Throughout the remarkably boring history of my life, I've hated tomatoes in curries. I don’t mean to be rude. My dislike for tomatoes in the many curries of my childhood has been a matter of staunch principle since the age of eight. There’s nothing worse than a Bengali deem (egg) curry with lugubrious tomatoes from a can, floating in a pool of thick broth. Little lumpen creatures, the color of magma.
And eggplants? I’m sorry to say these are worse. (I promise I don't hate everything.) So intense was my dislike for these tuberous aubergines in curry that I even convinced myself, for a brief but vital period of my childhood, that I was allergic to eggplant. Feigning an allergy was a matter of necessity. Anything but the eggplant.
Well, that was a lot of throat-clearing for some good news. At first glance, Dr. Purnima Garg’s Tomato and Egg Curry, submitted to us seven years ago by luvcookbooks, sounds like a dish lifted directly from my childhood gastronomic nightmares. It’s for this reason that I approached it with grave suspicion as I prepped dinner “tonight.” But quelle surprise, folks—maybe my principles aren’t so rigid after all. This recipe for eggplant and tomato curry worked against my innate prejudices, forcing me to reconsider my long-held buffalo stance on the tomato, eggplant, and curry. It also takes fewer than 20 minutes to cook.
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Dubstep on over to the grocery store first, folks, because here's what you'll need (organized by area of the store):
Four long, thin Japanese eggplants, sliced into 1/2 inch thick pieces.
14 ounces of canned and diced tomatoes. Preserve that liquid—it's essential!
Some brown mustard seeds. Get enough for a teaspoon.
Cumin seeds. You’ll need one teaspoon of these as well.
One serrano chile that you’ll need to seed and chop finely. Dry chiles also work!
Some coriander. You’ll need a teaspoon.
Some garam masala. You’ll need 1/4 teaspoon for the recipe.
I’m going to assume that you’ve got canola oil (you’ll need 1 tablespoon), onions (1 sliced onion), salt (1 teaspoon), and black pepper (1/2 teaspoon) in your arsenal already. If not, add these to your list, too.
About 20 minutes before dinner, here we go. Please get a large frying pan, like the one in the photo above—it should be at least three times the circumference of your head. Now, heat that oil until it begins to glisten and glimmer. Add the mustard and cumin seeds and heat them up for about half a minute. Soon enough, they’ll start to pop. Isn’t this the best part? Please just make sure to shield your eyes and face; you don’t want seeds grazing your porcelain skin or lodging themselves in an unwanted orifice, do you?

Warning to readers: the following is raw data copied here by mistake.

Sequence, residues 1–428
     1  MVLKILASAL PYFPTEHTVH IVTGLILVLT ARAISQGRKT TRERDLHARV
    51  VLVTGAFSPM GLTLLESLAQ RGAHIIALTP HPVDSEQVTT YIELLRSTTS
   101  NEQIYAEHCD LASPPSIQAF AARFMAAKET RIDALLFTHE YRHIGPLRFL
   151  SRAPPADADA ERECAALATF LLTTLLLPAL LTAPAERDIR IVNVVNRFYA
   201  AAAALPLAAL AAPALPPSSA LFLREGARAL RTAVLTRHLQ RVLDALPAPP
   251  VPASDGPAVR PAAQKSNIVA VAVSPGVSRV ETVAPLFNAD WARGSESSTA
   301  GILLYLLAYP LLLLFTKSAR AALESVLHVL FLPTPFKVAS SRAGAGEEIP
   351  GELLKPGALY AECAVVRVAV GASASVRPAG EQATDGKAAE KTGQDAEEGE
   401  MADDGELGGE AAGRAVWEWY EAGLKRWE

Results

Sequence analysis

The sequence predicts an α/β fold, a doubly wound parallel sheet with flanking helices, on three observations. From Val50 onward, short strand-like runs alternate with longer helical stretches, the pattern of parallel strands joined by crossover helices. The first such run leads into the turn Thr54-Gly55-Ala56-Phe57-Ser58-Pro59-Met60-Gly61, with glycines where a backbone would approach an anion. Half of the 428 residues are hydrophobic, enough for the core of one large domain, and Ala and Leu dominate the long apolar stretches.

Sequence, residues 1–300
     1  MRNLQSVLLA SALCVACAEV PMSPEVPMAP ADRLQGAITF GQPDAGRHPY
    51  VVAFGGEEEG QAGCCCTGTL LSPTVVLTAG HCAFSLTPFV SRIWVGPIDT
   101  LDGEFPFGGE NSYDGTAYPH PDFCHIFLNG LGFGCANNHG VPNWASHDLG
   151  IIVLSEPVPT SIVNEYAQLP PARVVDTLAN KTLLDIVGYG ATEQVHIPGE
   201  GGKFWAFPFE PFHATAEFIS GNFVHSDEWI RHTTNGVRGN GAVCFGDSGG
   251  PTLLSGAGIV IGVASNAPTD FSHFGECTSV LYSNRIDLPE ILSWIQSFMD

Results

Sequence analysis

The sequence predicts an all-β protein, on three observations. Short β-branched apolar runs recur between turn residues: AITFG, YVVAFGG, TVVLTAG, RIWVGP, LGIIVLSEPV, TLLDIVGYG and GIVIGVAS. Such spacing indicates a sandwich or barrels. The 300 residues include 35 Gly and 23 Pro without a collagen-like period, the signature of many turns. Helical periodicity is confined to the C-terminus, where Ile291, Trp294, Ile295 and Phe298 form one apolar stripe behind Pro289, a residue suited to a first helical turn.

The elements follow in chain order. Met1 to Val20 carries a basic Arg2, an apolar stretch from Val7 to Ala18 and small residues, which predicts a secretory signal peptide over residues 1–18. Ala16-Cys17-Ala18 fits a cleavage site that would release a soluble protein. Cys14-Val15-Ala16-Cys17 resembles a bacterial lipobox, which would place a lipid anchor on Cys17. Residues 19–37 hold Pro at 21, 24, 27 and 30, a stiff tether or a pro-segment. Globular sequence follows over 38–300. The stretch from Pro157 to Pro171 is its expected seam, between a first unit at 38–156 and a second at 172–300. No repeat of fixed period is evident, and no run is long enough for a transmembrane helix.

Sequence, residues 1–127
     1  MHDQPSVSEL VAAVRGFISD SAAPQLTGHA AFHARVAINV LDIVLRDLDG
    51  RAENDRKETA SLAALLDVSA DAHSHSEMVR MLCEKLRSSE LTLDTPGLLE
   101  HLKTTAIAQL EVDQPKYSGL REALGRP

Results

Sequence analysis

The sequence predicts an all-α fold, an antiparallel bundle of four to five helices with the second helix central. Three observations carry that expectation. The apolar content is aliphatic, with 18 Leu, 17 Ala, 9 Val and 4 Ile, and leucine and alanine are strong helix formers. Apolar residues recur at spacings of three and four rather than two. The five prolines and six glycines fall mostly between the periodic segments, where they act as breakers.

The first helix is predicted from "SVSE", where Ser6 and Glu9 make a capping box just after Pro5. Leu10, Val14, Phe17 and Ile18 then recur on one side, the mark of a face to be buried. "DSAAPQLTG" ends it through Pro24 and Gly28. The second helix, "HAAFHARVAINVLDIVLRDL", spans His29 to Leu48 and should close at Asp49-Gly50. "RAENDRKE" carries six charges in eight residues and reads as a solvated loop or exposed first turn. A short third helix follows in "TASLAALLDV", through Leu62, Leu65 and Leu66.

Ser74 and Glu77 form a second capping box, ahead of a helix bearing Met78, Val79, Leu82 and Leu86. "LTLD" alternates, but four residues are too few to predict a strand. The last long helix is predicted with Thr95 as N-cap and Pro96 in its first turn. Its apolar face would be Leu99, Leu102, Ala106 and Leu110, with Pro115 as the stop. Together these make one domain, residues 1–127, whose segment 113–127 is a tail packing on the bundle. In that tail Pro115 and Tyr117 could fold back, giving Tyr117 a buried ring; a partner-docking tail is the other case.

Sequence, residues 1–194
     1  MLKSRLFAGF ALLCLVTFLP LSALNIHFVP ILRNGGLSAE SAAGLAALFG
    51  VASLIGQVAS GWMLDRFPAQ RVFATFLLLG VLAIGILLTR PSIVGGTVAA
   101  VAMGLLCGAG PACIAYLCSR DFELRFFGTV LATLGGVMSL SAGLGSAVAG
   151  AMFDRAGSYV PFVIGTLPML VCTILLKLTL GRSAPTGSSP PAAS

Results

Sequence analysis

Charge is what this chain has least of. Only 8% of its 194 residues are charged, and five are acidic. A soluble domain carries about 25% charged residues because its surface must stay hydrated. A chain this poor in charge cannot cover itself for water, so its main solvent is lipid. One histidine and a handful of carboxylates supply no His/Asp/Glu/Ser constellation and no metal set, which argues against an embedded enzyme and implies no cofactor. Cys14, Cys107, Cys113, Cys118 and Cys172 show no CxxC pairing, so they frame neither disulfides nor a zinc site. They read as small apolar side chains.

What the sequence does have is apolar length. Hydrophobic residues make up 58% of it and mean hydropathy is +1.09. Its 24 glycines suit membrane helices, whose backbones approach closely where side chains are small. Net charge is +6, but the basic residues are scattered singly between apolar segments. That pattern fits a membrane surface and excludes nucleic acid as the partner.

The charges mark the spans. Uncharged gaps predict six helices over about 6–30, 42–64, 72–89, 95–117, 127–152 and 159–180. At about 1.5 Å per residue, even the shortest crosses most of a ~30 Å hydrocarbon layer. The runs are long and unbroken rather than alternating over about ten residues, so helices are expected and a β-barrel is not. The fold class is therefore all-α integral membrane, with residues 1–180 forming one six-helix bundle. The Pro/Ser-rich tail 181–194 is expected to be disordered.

Now fling those sliced onions into the mix and stir them over medium-high heat. They should get brown. If you’re fearful of the onions burning, add a splash of water or oil periodically. Once these onions have browned, throw those eggplants into the pan, baby, and bronze their skin and soften their flesh. Shake in that chile, coriander, garam masala, and tomatoes. Sprinkle the salt and pepper on there, too. You’ll need to turn the heat to medium-low now, making sure the eggplant gets softer as you cook.
The eggplant should become fully tenderized before you take the mixture off the stove and serve it. The curry pairs well with white basmati rice, some achar (spicy, pickled Indian lime), and, if you’d like, some plain yogurt, whether it be Chobani or a tub of Dannon. Add a dash of protein while you’re at it—like roast chicken or grilled lamb. To me, though, the tomatoes and eggplants, two ingredients I never really gave a chance, stand on their own.
A New Way to Dinner, co-authored by Food52's founders Amanda Hesser and Merrill Stubbs, is an indispensable playbook for stress-free meal-planning (hint: cook foundational dishes on the weekend and mix and match ‘em through the week).
Mayukh Sen is a James Beard Award-winning food and culture writer in New York. His writing has appeared in the New York Times, the New Yorker, Bon Appetit, and elsewhere. He won a 2018 James Beard Award in Journalism for his profile of Princess Pamela published on Food52.